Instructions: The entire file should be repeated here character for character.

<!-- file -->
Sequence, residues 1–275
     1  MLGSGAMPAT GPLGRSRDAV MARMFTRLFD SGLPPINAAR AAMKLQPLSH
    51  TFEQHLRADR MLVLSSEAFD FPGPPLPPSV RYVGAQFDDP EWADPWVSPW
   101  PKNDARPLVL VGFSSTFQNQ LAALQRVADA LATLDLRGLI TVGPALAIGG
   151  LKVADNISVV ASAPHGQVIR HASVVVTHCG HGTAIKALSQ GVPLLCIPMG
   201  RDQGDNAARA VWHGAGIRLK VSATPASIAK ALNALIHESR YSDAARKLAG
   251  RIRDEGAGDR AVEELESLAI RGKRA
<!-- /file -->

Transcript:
Sequence, residues 1–275
     1  MLGSGAMPAT GPLGRSRDAV MARMFTRLFD SGLPPINAAR AAMKLQPLSH
    51  TFEQHLRADR MLVLSSEAFD FPGPPLPPSV RYVGAQFDDP EWADPWVSPW
   101  PKNDARPLVL VGFSSTFQNQ LAALQRVADA LATLDLRGLI TVGPALAIGG
   151  LKVADNISVV ASAPHGQVIR HASVVVTHCG HGTAIKALSQ GVPLLCIPMG
   201  RDQGDNAARA VWHGAGIRLK VSATPASIAK ALNALIHESR YSDAARKLAG
   251  RIRDEGAGDR AVEELESLAI RGKRA